I think there are a few steps to get through before you even think about doing custom orders. If you have a great product and people hear about you, they are going to eventually want to use your services and not simply buy what you have in stock. It can be a good problem because that means that what you are doing is valuable and people are willing to trust you and pay you to create something specialized.
BUT and yes, it’s in a caps – you need to make sure that you know your craft. That means practice and be comfortable with every step. Start by selling your wares and get feedback from those customers. Secondly, pay attention to your craftsmanship. These things are so important because once you take on doing a custom piece you want to a)have the confidence that you will be able to complete it well b)not mess up the piece because you now have someone you are accountable to.
Once you start your custom orders you are really no longer the boss. You now have a boss and that person is your client. That means that you need to make sure they are happy at the end of the day. Where it gets tricky is making sure you set expectations.
1. Cost Estimate
2. Time frame
4. Options (if applicable)
Cost Estimate & Time frame. I think it’s important for everyone involved if you give an estimate on cost and time. This takes some number crunching on your end as you come up with the appropriate cost for the size project you are delivering. The bigger and more time intensive piece, the greater the cost. Of course when dealing with furniture, that’s not straight forward either because you must consider any detail work (example: painting an interior a different color, etc).
Then there is YOUR TIME SPENT. I must admit that I am not diligent in charging for my time. When starting your creative business I think you need to put in the hours necessary. Then as you gain momentum you can really start to charge for your time. I’m still of a mindset that I want to be really nice and fair. My DT (Dear Therapist) would then ask me if I was being “nice and fair” to myself. Ah, we all have things to work on, don’t we?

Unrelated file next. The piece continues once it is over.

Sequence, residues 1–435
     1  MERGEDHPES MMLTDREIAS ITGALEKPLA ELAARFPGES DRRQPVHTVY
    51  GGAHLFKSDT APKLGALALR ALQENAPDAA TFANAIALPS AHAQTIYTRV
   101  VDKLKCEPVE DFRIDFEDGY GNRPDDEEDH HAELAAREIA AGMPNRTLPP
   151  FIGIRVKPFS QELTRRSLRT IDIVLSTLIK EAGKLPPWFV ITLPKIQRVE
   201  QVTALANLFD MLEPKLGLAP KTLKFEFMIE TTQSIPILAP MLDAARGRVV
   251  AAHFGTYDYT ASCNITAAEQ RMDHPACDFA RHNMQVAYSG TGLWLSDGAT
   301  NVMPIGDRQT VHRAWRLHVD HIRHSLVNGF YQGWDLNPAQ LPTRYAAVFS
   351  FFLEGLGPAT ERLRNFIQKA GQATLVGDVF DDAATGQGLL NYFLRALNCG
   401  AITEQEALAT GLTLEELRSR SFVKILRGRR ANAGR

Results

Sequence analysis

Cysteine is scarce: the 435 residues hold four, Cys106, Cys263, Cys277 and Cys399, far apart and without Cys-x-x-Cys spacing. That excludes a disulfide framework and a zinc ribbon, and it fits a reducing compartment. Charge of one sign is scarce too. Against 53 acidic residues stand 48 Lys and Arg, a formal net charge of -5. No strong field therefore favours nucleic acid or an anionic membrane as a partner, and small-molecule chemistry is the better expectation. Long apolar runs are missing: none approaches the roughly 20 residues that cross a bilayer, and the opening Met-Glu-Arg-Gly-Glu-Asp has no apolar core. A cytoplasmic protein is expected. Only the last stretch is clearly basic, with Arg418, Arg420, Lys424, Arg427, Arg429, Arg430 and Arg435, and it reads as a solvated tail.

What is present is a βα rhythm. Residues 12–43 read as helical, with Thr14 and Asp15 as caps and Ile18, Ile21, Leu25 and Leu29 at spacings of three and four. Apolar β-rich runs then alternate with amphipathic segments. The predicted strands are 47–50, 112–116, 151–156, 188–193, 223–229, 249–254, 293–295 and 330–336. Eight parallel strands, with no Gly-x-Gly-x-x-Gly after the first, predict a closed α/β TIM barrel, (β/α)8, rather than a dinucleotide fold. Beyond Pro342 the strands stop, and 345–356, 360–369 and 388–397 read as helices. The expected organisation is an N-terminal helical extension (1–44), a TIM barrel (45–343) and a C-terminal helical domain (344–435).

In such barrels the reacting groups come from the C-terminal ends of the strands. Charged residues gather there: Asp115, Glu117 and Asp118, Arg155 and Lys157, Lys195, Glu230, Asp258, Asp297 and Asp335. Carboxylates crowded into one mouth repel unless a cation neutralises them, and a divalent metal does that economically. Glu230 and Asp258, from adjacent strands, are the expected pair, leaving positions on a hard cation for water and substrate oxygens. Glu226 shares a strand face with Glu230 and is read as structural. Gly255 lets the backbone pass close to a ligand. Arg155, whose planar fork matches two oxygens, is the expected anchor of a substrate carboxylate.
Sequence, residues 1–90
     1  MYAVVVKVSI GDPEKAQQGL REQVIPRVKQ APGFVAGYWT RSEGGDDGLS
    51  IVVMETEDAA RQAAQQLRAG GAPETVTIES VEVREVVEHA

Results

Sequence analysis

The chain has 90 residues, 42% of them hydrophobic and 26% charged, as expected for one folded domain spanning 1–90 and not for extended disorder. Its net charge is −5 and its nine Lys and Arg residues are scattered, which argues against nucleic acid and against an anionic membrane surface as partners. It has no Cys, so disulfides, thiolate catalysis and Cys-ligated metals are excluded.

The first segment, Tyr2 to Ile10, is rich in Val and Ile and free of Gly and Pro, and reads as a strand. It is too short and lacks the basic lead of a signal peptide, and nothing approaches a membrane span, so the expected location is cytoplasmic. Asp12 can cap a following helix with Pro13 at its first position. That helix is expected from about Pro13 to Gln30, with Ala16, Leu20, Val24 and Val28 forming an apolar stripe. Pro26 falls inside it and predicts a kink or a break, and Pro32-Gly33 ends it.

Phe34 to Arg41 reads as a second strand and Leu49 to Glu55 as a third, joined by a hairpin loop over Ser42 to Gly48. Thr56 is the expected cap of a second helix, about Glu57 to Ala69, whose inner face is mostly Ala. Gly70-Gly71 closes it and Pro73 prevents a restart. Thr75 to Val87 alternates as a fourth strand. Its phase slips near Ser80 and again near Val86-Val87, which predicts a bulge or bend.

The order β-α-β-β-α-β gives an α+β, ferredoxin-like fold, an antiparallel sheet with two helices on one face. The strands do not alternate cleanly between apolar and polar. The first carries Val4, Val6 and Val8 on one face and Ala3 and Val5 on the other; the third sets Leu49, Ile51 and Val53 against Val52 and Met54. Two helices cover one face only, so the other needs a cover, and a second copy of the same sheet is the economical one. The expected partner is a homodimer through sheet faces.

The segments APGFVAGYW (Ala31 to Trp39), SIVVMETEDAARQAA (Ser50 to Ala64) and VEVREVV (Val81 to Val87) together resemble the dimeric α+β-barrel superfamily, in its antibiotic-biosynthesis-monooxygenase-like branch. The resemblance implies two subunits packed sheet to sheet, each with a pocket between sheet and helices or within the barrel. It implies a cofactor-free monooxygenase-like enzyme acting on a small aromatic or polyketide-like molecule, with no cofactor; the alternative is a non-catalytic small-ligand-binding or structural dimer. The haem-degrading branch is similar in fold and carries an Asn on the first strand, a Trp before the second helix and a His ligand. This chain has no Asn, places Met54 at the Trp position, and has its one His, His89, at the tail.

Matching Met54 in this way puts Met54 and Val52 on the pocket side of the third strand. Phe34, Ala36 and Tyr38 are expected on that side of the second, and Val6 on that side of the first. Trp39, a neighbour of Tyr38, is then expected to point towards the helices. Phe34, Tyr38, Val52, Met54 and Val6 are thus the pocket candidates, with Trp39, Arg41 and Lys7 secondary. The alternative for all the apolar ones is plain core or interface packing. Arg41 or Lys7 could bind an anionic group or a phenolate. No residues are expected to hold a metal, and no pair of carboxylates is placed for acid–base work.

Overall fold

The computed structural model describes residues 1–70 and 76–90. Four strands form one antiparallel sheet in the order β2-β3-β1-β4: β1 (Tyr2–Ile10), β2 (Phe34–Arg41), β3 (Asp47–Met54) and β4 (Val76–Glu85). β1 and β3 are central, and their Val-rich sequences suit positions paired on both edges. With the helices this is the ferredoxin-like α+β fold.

Style & Options. Another important thing to consider is not giving your client too many choices. Offer what is do-able in your time-frame and what you are comfortable accomplishing. Do not try anything new or fancy! It’s too much pressure and you may not be able to deliver and everyone will feel badly in the end.
Stay true to what you do. For example, I am not a girl that loves the color orange. If I’m asked to paint in a color that really doesn’t fit who I am or what my brand is I don’t really feel it’s wise to accept the project. You need to maintain the integrity of what your business is and that may be turning down business sometimes if it just doesn’t fit with your image. It’s okay and it’s the right decision.
Pitfalls. There always are pitfalls along the way. If something goes wrong as things tend to do sometimes the answer is communication. For example, the secretary above had some sort of stain on the wood tainting it a bit red. I had no control over this. It sometimes happens with certain pieces and certainly a lighter color like the Old White will make this bleed through a bit. It was not in my control, but what was was me communicating to my client and make sure she knew what was going on. Do not simply wait for the delivery and then explain. Keep the client in the process and that will make a happy relationship and hopefully repeat business for you.
You should feel honored that someone trusts you enough to pay you to do something specialized. Think about yourself though and make sure you want to before you offer it. Custom orders can almost double your time because of the interaction with the client and the extra care you will want to spend with the project. Good luck!